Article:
Sensory impulse Conversion of a graded potential into

Sensory ModalitiesA sensory modality is a way of sensing, like vision or hearing. Modality in someone’svoice gives a sense of the person’s mood. In logic, modality has to dowith whether a proposition is necessary, possible, or impossible.

In general, amodality is aparticular way in which something exists.Stimulus modality, also called sensory modality, is one aspect ofa stimulus or what we perceive after a stimulus. For example, the temperature modality is registeredafter heat or cold stimulate a receptor.

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Some sensory modalities include: light, sound, temperature, taste, pressure,and smell.•       GeneralSenses:1.  Somatic(Exteroceptors) a.  Touch b.  Pressure c. Temperature d.

Proprioception e.  Pain2.  Visceral(Interoceptors)                                                a.

  Pain      b.  Pressure•       Special Sensesa.  Smell or Olfaction b.  Taste or Gustation c.

  Sight or Vision          d.  Sound or Auditory   e.  Balance or Equilibrium Stimulation of a sensory receptor Transduction of the stimulus                   Conversionof the stimulus into a graded potential3.    Generationof an impulse                   Conversionof a graded potential into an action potential at a trigger zone and propagationto CNS.

4.    Integrationof sensory input Classification of General Sensory ReceptorsSummary of Tactile Sensory Receptors Summary of Sensory Receptors     Classification of  Special Sensory Receptors       AUDITORY                   Auditory learners learn best through hearing,using their ears and their voices as the primary way to learn. They learn bestthrough verbal lectures, discussions, talking things through and listening towhat others have to say. Auditory learners interpret the underlying meanings ofspeech through listening to tone of voice, pitch, speed and other nuances.Written information may have little meaning until it is heard. These learnersoften benefit from reading text aloud and using a tape recorder. VISUAL               Visual learners need to see thematerial to learn most effectively.

They need to see the teacher’s bodylanguage and facial expression to fully understand the content of a lesson.They may think in pictures and learn best from visual displays including:diagrams, illustrated text books, overhead transparencies, videos, flipchartsand hand-outs. During a lecture or classroom discussion, visual learners oftenprefer to take detailed notes to absorb the information. KINESTHETIC                      Kinesthetic learners arethose who learn best by doing.

Kinesthetic persons learn best through ahands-on approach, actively exploring the physical world around them. They mayfind it hard to sit still for long periods and may become distracted by theirneed for activity and exploration.Chemoreceptions                                  A sensory nerve cell or sense organ, asof smell, or taste, that are able to detect and respond to chemicalstimuli.               OR A sensory receptor thatdetects chemical stimuli in the environment and relay that information to the central nervous system. ExplainationA chemoreceptor, also known as chemosensor, is a specialized sensory receptor cell which transduces (respondsto) a chemical substance (endogenous or induced) and generates a biologicalsignal.

This signal may be in the form of an action potential if the chemoreceptor is a neuron (nervecells or in form of neurotransmitter that activate nearby a nerve fibers ifchemosensor is a specialized sensory receptor cell, such as taste receptor in taste bud or in internal peripheral chemoreceptor suchas carotid body. In more general terms, a chemosensor detectstoxic or hazardous chemicals in the internal or external environment of thehuman body and transmits that information to the central nervous system, andrarely the peripheral nervous system,in order to expel the biologically active toxins from the blood, and preventfurther consumption of alcohol and/or other acutely toxic recreationalintoxicants.ExamplesExamples of distance chemoreceptorsExample1 Olfactoryreceptor neurons in the olfactory system.Olfaction involves the ability todetect chemicals in the gaseous state. In vertebrates, the olfactory systemdetects odors and pheromones in the nasal cavity.Within the olfactorysystem there are two anatomically distinct organs: the main olfactoryepithelium (MOE) and the vomeronasal organ(VNO).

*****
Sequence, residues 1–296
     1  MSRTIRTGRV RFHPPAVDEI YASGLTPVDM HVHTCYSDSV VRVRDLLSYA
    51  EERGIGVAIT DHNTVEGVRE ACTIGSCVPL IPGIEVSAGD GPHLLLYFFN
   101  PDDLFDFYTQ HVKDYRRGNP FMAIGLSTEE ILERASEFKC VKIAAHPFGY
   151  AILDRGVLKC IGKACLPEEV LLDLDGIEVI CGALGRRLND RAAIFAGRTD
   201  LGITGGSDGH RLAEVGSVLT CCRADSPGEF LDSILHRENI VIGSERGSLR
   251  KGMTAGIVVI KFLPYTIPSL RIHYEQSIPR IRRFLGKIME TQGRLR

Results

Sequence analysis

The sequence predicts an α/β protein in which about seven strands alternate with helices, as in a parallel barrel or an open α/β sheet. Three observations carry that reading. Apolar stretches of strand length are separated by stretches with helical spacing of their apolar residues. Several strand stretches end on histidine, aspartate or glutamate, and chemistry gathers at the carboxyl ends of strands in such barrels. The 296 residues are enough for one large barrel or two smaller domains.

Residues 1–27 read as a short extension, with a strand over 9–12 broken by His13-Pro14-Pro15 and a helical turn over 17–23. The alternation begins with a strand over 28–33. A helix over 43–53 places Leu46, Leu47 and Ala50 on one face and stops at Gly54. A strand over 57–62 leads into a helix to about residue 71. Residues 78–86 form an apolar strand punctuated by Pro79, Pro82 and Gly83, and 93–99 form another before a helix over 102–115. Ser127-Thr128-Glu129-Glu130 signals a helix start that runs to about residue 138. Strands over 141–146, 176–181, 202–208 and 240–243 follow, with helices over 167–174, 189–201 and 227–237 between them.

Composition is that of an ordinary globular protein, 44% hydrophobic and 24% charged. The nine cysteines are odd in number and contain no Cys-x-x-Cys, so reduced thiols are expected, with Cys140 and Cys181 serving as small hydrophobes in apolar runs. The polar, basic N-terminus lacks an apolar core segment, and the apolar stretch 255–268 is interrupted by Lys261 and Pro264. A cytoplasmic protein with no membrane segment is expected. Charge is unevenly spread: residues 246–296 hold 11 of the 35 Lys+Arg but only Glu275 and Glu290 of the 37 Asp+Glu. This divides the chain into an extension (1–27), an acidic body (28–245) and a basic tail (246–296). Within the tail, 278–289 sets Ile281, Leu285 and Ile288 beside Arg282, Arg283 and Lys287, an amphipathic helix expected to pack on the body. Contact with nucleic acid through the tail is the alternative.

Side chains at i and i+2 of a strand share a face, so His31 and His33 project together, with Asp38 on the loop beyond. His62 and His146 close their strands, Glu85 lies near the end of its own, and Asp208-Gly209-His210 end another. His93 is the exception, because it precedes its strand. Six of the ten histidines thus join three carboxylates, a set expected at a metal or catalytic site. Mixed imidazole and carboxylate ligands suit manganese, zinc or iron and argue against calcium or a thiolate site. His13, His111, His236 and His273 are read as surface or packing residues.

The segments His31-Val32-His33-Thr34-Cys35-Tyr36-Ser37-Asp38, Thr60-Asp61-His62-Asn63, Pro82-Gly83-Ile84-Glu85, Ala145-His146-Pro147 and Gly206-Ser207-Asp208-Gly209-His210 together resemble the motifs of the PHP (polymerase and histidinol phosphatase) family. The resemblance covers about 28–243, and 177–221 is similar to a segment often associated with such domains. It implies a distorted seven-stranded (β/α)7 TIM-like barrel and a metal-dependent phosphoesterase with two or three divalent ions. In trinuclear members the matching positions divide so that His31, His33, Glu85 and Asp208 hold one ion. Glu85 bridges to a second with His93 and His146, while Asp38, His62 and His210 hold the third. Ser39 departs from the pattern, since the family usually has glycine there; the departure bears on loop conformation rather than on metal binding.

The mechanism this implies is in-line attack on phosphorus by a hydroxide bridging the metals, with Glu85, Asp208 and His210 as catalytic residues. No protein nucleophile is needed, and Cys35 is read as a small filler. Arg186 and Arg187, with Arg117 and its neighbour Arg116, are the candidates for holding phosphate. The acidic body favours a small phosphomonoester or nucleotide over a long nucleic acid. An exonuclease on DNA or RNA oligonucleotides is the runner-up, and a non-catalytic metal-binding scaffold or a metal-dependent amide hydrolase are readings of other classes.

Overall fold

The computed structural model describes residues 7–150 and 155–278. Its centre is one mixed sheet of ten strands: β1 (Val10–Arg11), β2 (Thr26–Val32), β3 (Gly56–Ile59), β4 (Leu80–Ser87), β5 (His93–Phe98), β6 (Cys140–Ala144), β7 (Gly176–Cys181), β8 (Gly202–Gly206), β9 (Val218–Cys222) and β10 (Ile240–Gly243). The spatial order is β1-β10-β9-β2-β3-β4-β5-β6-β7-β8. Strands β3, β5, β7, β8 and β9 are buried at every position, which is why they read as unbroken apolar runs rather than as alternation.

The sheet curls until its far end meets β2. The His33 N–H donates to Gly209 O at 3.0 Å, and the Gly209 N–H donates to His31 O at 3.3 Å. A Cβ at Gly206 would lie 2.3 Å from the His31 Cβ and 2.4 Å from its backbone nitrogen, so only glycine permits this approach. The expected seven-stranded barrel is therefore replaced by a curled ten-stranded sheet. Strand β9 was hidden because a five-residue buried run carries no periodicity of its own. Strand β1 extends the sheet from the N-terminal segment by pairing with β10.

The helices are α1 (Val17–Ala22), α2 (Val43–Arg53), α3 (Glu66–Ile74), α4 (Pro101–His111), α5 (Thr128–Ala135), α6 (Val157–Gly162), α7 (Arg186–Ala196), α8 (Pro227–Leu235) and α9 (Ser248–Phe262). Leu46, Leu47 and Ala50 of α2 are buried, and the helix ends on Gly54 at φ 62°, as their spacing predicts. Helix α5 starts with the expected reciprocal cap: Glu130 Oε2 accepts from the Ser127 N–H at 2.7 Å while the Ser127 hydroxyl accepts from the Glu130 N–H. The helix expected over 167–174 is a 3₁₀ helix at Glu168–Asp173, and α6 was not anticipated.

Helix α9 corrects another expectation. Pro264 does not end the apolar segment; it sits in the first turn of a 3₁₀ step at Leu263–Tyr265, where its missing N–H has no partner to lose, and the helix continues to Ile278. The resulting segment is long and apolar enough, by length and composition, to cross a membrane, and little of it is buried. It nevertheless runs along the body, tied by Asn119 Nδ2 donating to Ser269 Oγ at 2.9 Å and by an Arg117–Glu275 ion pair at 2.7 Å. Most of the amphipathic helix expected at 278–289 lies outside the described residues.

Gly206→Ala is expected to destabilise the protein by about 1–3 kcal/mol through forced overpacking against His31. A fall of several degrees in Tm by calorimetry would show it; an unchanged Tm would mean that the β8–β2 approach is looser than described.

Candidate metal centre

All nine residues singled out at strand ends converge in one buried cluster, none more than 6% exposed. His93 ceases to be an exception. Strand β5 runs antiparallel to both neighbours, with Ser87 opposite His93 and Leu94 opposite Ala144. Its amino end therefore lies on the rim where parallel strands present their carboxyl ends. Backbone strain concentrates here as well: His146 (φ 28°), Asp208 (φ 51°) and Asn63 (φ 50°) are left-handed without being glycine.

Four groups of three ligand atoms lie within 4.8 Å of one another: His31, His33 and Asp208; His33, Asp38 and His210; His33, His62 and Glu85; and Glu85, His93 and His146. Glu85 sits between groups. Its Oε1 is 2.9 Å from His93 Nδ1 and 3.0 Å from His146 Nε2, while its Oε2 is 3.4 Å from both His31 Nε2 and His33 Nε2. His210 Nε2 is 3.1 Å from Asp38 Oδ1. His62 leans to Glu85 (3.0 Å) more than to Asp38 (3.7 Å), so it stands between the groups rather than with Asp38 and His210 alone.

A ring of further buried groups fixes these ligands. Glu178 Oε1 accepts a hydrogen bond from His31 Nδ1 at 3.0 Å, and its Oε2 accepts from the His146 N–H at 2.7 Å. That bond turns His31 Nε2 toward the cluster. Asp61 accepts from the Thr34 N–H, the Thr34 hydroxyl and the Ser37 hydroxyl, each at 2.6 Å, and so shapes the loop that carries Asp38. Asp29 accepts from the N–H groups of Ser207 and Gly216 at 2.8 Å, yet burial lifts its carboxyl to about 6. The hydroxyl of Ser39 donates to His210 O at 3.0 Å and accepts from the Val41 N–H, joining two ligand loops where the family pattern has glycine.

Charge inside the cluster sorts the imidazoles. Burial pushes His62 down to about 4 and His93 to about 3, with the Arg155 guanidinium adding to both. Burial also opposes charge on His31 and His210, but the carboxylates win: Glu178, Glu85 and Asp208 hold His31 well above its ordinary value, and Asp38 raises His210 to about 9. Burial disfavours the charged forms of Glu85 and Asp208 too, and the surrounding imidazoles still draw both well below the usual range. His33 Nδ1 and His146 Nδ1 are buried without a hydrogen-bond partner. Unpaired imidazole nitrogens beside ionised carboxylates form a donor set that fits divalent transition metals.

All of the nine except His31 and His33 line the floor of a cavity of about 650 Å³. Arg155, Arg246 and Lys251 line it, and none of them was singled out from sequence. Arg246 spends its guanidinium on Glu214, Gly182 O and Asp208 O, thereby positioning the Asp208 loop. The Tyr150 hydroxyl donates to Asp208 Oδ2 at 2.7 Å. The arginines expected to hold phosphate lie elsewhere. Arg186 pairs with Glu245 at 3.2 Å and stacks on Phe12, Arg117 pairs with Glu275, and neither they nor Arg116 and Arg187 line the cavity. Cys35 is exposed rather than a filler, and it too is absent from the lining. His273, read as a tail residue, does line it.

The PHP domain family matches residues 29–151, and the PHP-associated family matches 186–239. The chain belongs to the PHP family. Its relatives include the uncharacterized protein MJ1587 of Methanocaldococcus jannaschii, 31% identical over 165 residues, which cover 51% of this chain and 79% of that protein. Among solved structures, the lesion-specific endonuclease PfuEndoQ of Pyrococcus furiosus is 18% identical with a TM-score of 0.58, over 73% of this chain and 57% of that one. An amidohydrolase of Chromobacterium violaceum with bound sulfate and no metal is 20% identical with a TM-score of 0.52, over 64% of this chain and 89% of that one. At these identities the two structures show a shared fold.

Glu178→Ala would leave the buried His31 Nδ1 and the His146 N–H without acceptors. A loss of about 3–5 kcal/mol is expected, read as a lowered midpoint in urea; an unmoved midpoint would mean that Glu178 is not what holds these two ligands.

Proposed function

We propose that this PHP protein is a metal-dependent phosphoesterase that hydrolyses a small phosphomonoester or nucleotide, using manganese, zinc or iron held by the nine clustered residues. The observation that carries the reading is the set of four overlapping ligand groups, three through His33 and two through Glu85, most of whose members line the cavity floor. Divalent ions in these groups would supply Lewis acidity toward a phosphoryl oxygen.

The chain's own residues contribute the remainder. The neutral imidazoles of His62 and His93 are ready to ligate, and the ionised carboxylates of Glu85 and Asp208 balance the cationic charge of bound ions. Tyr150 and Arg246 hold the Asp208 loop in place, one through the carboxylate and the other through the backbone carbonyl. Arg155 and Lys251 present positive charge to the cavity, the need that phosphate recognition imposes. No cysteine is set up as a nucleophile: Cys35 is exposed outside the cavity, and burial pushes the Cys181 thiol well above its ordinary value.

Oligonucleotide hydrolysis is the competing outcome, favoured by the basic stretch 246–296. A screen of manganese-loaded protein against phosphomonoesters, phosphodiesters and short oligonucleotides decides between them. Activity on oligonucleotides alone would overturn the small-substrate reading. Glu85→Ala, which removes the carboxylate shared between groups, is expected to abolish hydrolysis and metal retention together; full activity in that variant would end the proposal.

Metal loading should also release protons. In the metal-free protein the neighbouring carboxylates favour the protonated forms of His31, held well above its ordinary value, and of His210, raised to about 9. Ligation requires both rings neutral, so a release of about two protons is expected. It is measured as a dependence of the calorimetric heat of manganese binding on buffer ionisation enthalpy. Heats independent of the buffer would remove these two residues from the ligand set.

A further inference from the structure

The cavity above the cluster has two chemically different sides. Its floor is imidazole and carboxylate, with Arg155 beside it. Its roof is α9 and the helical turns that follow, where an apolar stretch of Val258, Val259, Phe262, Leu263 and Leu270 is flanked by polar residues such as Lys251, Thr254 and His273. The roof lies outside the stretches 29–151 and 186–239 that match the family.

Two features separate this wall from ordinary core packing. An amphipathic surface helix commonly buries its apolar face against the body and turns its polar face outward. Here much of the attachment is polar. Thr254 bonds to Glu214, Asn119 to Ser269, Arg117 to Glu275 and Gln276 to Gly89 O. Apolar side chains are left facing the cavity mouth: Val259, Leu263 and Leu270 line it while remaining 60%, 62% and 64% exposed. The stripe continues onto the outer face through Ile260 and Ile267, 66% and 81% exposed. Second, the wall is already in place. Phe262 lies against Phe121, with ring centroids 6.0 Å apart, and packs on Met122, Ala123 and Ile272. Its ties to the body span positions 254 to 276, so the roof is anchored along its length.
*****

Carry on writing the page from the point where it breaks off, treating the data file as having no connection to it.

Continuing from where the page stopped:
It wasinitially thought that the MOE is responsible for the detection of odorants,while the VNO detects pheromones. The current view,however, is that both systems can detect odorants and pheromones.1 Olfaction ininvertebrates differs from olfaction in vertebrates. For example, in insects,olfactory sensilla are present on their antennae.Example 2Taste buds in the gustatory system: The primary use of gustationas a type of chemoreception is for the detection of tasteants. Aqueous chemicalcompounds come into contact with chemoreceptors in the mouth, such as tastebuds on the tongue, and trigger responses.

These chemical compounds can eithertrigger an appetitive response for nutrients, or a defensive response againsttoxins depending on which receptors fire. Fish and crustaceans, who areconstantly in an aqueous environment, use their gustatory system to identifycertain chemicals in the mixture for the purpose of localization and ingestionof food.Example 3Insects usecontact chemoreception to recognize certain chemicals such as cuticularhydrocarbons and chemicals specific to host plants. Contact chemoreception ismore commonly seen in insects but is also involved in the mating behavior ofsome vertebrates.

The contact chemoreceptor is specific to one type ofchemical. 

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